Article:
Church records are crucial for genealogical research, since civil authorities did not begin registering vital statistics until after 1886. After this date one should search in both church and civil records as there may be information in one that does not appear in the other. For instance the church records may only list the godparents whereas the civil records may list the grandparents.

1. Online Digital Records for Church Records

For some localities, digital copies of Catholic church records can be searched online:

Bautismos are infant baptisms, which are used for birth information. Información matrimonial are documents collected in preparation for a marriage. Matrimônios' are marriages. Defunciones are deaths. Entierros are burials'". Índice is the index.

2. Microfilm Copies of Church Records in the FamilySearch Catalog

If the locality and time period you need are not included in the online records, the next step is to find them in the microfilm collection of the Family History Library. Currently, they are being digitized, and plans are to complete that project by 2020. Check back occasionally to see if your records have become available. In the meantime, some of them might be available at a Family History Center near you.
To find a microfilm:

a. Click on this link to see a list of records for Argentina, Province of Buenos Aires.
b. Click on "Places within Argentina, Buenos Aires" and a list of towns and cities will open.
c. Click on the town or city you wish to search.
d. Click on "Church Records" topic. Click on the blue links to specific record titles.
e. Choose the correct event and time period for your ancestor.
f. Some combination of these icons will appear at the far right of the microfilm listed for the record. FHL icons.png. Clicking on the magnifying glass will take you to the index. Clicking on the camera will take you to an online digital copy of the microfilm.

3. Writing to a Catholic Priest for Church Records

Baptism, marriage, and death records may be searched by contacting or visiting local parish or diocese archives in Argentina. Argentina has no single repository of church records. Write your request in Spanish whenever possible. This method is not always reliable. Officials might or might not respond.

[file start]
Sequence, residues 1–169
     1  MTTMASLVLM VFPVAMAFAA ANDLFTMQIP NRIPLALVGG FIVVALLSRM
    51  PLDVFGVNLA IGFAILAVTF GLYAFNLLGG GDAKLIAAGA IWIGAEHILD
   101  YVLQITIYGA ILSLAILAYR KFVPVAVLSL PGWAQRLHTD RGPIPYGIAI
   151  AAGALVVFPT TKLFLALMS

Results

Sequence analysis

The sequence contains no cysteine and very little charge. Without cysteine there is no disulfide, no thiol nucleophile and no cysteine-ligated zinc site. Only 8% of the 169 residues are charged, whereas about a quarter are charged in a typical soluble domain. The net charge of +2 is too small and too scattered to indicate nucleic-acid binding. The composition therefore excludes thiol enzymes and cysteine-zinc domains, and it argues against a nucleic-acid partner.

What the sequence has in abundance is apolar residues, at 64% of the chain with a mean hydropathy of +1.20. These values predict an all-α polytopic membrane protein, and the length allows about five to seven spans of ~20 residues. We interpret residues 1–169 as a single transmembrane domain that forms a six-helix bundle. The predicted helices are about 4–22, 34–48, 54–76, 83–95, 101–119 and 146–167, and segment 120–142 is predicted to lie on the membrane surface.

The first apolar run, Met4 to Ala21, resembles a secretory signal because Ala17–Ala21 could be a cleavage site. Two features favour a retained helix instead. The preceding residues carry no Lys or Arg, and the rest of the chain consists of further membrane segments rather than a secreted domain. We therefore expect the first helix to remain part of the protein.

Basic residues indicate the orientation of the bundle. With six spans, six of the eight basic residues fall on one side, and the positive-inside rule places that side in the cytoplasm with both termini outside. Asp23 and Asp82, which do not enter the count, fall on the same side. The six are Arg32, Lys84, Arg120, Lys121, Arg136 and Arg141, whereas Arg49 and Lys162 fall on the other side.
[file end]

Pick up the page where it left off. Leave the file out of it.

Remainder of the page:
Write a brief request in Spanish to the proper church using this address as guide replacing the information in parentheses:

Reverendo Padre
Parroquia de (name of parish)
(postal code), (city), Buenos Aires
Argentina


When requesting information, send the following:

  • Money for the search fee, usually $10.00, and an international reply coupon (IRC)
  • Full name and the sex of the ancestor sought
  • Names of the ancestor’s parents, if known
  • Approximate date and place of the event
  • Your relationship to the ancestor
  • Reason for the request (family history, medical, and so on)
  • Request for a photocopy of the complete original record


Write your request in Spanish whenever possible. For writing your letter in Spanish, use the translated questions and phrases in this Spanish Letter-writing Guide.]

Reading the Records

  • Online interactive slideshow lessons are available to help you learn to read these records:




Tips for finding your ancestor in the records

Effective use of church records includes the following strategies.

  • Search for the relative or ancestor you selected. When you find his birth record, search for the births of his brothers and sisters.
  • Next, search for the marriage of his parents. The marriage record will have information that will often help you find the birth records of the parents.
  • You can estimate the ages of the parents and determine a birth year to search for their birth records.
  • Then repeat the process for both the father and the mother.
  • If earlier generations (parents, grandparents, etc.) do not appear in the records, search neighboring parishes.
  • Search the death registers for all known family members.